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Anyone retain a DSLR , post Fuji ?

Discussion in 'Other Cameras' started by dee Dowling, Jul 10, 2018 at 8:34 PM.

  1. beakhammer

    beakhammer Premium Member

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    Sounds like plenty of cameras, though I think you need a 6x7, or something that will accept a 6x7 back. 6 x 4.5 is a lot of fun too . . . not to mention 4x5 inch. I really like the 6x7 and 645 formats; there's no need to crop for standard print papers, and the taller formats suit the way I like to compose. 6x7 and 6x6 are especially great shapes to compose with.

    I have too many SLRs, but people keep sending them to me, and I can adapt virtually all of the SLR lenses to my Fujis. Even the Pentax DSLR can use all the old Pentax-K mount and M-42 mount SLR lenses as well as Mamiya 645 lenses. I only own one half-decent modern Pentax AF lens (the plastic fantastic 35mm/2.5).

    I also counted several crap cameras, such as Holgas and old box cameras . .

    My pile of old photo gear actually generates a lot more than 40 cameras, if you count all the combinations of bodies, lenses, and roll-film holders. The view camera, the press camera, the homemade film camera, and a couple of 3D printed camera bodies can all use some of the Graflok standard film holders, covering 6x6, 6x7, 6x9 and 4x5. All of these cameras have interchangeable lenses, viewfinders, ground glass backs, etc.

    In addition to that I have a sliding shift-stitch adapter to mount the Pentax DSLR on four of these Graflok bodies, producing very large panoramic files. Another shift-stitch adapter lets me shoot any of the Fuji-X cameras through Mamiya 645 lenses, stitching up to 8 shots together for extremely high resolution digital files covering a lot of the 645 image circle.

    Most of my intentionally purchased camera gear was chosen to fit into an elaborate system of interchangeable and widely-shareable components, though some of my favorite cameras are fixed-lens stand-alone models.

    The digital DSLR has a part to play in this elaborate game, though I did replace it's focusing screen with a cut-down ground glass screen from an old Nikon SLR. The older screen is much better for focusing manual focus lenses than the typical DSLR matte screen.
     
    Last edited: Jul 12, 2018 at 4:47 AM
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  2. boulevardier

    boulevardier Premium Member

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    I find myself using viewfinders on all cameras less and screens more. Tilting screens offer a more versatile approach, like medium format film cameras. I always thought of them as a gimmick, but I use objects as impromptu tripods, and shoot low and overheads all the time. Mirrorless cameras achieve this more efficiently than reflex cameras.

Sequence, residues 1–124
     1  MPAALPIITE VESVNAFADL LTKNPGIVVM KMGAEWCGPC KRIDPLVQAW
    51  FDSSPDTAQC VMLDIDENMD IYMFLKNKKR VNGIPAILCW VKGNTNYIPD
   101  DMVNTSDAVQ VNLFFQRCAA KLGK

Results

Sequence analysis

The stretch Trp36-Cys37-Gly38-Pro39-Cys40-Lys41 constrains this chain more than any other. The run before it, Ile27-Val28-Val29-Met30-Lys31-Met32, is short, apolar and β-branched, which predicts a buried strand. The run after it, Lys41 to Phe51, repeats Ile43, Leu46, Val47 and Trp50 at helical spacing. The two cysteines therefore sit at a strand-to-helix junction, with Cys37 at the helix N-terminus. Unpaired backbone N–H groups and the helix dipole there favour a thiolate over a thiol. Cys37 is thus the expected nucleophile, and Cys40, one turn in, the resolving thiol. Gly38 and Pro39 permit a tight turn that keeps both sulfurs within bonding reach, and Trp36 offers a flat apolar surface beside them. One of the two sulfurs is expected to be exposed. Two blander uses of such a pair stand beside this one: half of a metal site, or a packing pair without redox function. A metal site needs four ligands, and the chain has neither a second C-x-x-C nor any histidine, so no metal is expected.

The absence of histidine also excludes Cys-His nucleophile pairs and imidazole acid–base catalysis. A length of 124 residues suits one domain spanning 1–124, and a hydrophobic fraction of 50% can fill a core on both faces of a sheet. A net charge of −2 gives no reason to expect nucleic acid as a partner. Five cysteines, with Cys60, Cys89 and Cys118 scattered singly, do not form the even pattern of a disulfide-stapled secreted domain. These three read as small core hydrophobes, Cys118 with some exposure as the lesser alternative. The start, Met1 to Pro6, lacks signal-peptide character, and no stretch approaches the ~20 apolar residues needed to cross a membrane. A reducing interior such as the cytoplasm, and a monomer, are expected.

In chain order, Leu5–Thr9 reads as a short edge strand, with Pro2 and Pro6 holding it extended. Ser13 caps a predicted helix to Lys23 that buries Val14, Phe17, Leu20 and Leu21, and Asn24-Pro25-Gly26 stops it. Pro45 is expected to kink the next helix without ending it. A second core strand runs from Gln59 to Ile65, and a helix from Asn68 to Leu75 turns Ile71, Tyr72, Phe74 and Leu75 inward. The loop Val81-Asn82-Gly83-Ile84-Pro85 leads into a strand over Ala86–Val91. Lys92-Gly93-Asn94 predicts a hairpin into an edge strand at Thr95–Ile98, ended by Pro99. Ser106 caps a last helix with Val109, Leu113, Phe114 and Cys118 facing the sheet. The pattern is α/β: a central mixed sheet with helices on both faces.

3. Lumens

    Lumens Premium Member

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    I must admit I have kept my 7D & 6D - they have sat in the closet for too long!!
     
  4. charlie3

    charlie3 Premium Member

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    Yes, kept my D700 and ten F mount Zeiss and Nikkor lenses. All but one are primes. The lenses can be used with an adapter on my Fuji bodies and the D700 is now always used on a tripod :)
     
  5. pw-pix

    pw-pix Well-Known Member

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    Definitely, my Nikon D800E will continue to be a primary tool, and a good selection of lenses covering from 14mm to 400mm.
     
  6. Mike Gorman

    Mike Gorman Premium Member

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    No, got rid of it!
     
  7. davidy233

    davidy233 Well-Known Member

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    I've got three Canon DSLRs - 2 x 1dx and 1 x 5d mkiii and lens from 400mm 2.8 to 15mm fisheye - they are my work cameras.

    My x-t2 is my toy, it's a lovely toy and it can do things that the DSLRs can't but although I use it sometimes to shoot sports I wouldn't trust it when I'm on deadline. It does earn it's keep though - excellent as a remote camera behind the goal at football - and I'll use it at a couple of golf tournaments as well as the Canons this year.
     
  8. aequalis

    aequalis New Member

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    I sold my Nikon D5300 and all lenses after I get the X-T10. Partly to finance the new system and partly because I didn't like the handling of the D5300. That's one reason, I wanted to try out a mirrorless camera. And I like the small size, the look and level of direct access the X-T10 provides. But sometimes, I miss the old-fashioned handling of a DSLR with its clear optical viewfinder and flapping mirror. I can not really describe it, but it feels somehow more direct. Like a roadster where you can feel the street and every corner on every part of the. Not that comfortable and encapsulated like the family car and maybe not even that fast like a modern car, but more connected. Thus, sometime in future, I will get another DSLR. Something more functional in handling, like a D7200 for example. Or maybe a mirrorless Olympus, because it looks nice. Just for fun and to have something different to play with.
     
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  9. johant

    johant Premium Member

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    I kept a Canon 5d for a while, but sold it half a year after I got my X-Pro1. The 5d was a fine camera, but I didn't like the bulkiness. The X-Pro1 and X-T1, both with small(ish) primes, are great for me.

    (I love the X-Pro1 & 35/1.4 combo)
     
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